BRUISED REEDS BEWILDERED
The prophets foretold of the Messiah being both powerful and yet gentle. He would vanquish his enemies, yet gather his people as a shepherd gathers lambs. He would punish rebellious nations with a rod of iron (Psalm 2:9) yet be attentive to the distressed and destitute (Psalm 22:5). He would treat the broken with dignity and respect, yet mete out justice to those responsible for their plight (Isa. 42:3). We are presented with a powerful portrait of the strength and compassion of the Messiah in the prophetic psalms and poems of the prophets while being told that despite this, He would be misunderstood, slandered, and maligned.
a bruised reed he will not break,
and a faintly burning wick he will not quench;
he will faithfully bring forth justice.
He was despised and rejected by men,
a man of sorrows, and acquainted with grief;
and as one from whom men hide their faces
he was despised, and we esteemed him not.
Despite Christ showing unequalled compassion for people, unprecedented care for those close to Him (including His mother and brothers and sisters, and His disciples), His need to, at times, be alone was misunderstood by these people in particular. As unimaginable as it may seem, His mother and siblings at times felt neglected by Him –
¶ And His mother and His brothers came, and standing outside they sent to Him and called Him. And a crowd was sitting around Him, and they said to Him, “Your mother and your brothers are outside, seeking you.” And He answered them, “Who are my mother and my brothers?”
His disciples experienced times when they felt He didn’t care for them –
But He was in the stern, asleep on the cushion. And they woke Him and said to Him, “Teacher, do you not care that we are perishing?”
And one can only wonder how the portico full of ill people felt when He walked over some of them and past others of them to restore a man who had been lame for 38 years while seemingly ignoring their plight!
In these lay a multitude of invalids—blind, lame, and paralyzed. One man was there who had been an invalid for thirty-eight years. When Jesus saw him lying there and knew that he had already been there a long time, He said to him, “Do you want to be healed?” The sick man answered Him, “Sir, I have no one to put me into the pool when the water is stirred up, and while I am going another steps down before me.” Jesus said to him, “Get up, take up your bed, and walk. And at once the man was healed, and he took up his bed and walked. ¶ Now that day was the Sabbath.”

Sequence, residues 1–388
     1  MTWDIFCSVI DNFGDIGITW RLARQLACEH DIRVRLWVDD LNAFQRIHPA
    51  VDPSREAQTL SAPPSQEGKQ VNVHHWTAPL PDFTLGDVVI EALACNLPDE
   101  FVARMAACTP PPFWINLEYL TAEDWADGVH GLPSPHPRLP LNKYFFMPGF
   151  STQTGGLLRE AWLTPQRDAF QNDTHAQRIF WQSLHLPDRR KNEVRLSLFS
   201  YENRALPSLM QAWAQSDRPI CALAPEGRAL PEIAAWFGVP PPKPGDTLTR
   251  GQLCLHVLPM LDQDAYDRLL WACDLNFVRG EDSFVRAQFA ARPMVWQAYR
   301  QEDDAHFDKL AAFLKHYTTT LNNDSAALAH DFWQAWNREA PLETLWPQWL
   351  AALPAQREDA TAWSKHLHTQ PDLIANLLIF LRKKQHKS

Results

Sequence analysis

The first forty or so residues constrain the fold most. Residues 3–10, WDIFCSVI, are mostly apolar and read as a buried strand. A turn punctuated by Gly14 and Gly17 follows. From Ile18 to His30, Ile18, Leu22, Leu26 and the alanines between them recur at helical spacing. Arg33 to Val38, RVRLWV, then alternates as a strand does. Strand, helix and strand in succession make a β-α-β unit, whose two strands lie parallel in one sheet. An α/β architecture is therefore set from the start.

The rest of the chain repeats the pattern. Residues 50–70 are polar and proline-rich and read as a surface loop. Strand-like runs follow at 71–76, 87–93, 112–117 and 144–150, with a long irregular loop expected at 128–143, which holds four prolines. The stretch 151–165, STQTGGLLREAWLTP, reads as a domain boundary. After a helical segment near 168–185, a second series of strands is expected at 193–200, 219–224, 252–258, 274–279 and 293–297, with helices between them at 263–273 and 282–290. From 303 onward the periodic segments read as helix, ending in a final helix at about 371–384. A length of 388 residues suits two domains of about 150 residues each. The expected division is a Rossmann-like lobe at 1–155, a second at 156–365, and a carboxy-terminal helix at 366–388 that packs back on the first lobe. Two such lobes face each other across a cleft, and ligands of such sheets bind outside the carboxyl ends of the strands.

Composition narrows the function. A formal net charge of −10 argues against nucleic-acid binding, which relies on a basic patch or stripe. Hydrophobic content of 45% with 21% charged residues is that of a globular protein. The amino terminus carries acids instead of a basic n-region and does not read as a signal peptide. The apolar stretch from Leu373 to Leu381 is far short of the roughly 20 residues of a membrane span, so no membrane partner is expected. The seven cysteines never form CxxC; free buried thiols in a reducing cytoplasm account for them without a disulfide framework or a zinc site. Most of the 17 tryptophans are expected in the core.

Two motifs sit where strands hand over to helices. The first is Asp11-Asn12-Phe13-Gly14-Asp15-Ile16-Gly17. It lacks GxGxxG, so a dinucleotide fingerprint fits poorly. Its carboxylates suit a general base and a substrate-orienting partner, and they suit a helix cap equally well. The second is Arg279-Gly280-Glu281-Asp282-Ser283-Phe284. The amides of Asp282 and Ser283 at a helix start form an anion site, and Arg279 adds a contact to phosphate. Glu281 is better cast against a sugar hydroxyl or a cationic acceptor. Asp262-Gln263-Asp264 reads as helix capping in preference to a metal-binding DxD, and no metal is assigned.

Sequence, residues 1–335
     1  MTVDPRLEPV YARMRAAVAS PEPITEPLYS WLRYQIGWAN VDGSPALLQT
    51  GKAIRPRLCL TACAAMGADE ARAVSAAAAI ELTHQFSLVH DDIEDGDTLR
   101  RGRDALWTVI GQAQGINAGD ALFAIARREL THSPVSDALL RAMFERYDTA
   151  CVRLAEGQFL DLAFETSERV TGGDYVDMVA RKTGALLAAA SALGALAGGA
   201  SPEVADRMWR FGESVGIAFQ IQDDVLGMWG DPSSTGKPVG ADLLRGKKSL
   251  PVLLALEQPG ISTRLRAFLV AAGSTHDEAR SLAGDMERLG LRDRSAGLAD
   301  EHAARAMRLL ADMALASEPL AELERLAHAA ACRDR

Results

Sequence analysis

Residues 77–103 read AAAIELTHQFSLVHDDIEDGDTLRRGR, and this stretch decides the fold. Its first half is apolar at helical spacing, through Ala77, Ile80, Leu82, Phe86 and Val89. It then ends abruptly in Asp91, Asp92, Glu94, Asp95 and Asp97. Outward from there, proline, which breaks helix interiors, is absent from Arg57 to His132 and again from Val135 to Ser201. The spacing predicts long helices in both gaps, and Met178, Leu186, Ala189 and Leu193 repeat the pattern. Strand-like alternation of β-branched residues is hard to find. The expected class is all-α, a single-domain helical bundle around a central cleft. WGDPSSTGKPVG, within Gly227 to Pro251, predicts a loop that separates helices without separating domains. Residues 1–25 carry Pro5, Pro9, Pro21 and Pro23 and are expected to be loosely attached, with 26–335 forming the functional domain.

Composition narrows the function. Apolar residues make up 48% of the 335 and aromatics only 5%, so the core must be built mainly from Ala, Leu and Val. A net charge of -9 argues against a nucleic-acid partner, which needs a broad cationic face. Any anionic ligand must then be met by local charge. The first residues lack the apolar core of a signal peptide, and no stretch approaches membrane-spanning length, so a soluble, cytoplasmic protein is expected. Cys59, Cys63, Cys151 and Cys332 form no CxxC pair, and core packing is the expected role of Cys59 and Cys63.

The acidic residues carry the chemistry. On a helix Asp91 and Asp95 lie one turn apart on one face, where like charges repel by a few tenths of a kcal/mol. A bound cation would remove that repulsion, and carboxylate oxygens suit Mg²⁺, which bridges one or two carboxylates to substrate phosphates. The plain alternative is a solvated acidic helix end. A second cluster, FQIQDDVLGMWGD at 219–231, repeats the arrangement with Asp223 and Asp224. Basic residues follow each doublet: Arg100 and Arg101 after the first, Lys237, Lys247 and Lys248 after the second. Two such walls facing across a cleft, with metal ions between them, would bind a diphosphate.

WHEN ALONE DOESN’T MEAN BY MYSELF
But Jesus often withdrew to the wilderness for prayer.
Jesus often withdrew from people. The One who loved people the most needed to have times of space and distance from them. Pastors, the most visible representatives of Christ, in days gone by, were almost universally trained that the best day to take off in a week was Monday. Unless someone has ever experienced what it is like to be needed and wanted by so many people so intensely over the course of a day, it is difficult for them to imagine how wearing this can. I imagine that it is also difficult for people to understand that even the most caring people need quiet time alone to recharge and restore – physically, emotionally, and spiritually. Christ’s disciples certainly found it difficult. Mary and Martha found it difficult. Christ’s mother and siblings also had reason to struggle with it. Seasoned pastors turned professors of theology and ministry would instruct their protégés that an intense day of ministry, where preaching just one sermon is equivalent to the expenditure of emotional and even physical energy of labouring 8 hours (let alone preaching twice a Sunday), leading a training meeting, being available for counselling and comfort, showing hospitality over lunch in between services, takes a toll on a pastor. Monday, they would counsel, is the day you need to withdraw and restore. All of these regular Sunday activities for a pastor would only be a fraction of the drain that Christ must have felt nearly every day of His incarnate ministry. Little wonder then, that Immanuel needed to often withdraw from people to be of most value to people. And while it appeared He was alone we know that He was never by Himself.
For those of us called to care and shepherd others where we are continually attempting to repair bruised reeds and not snuff out struggling candles, we run the certain risk of being misunderstood when these precious lambs confuse our absence for indifference or our silence for rejection. Christ ran that risk and was the subject of such misunderstanding. They challenge for Christian carers, especially those called to shepherd, is to recognise that our needed times of isolation and quiet are not times by ourself but with the Enthroned Father who has no need to slumber or sleep (Psalm 121:4) who gives restoration and strength to all those who wait on Him (Isa. 40:31).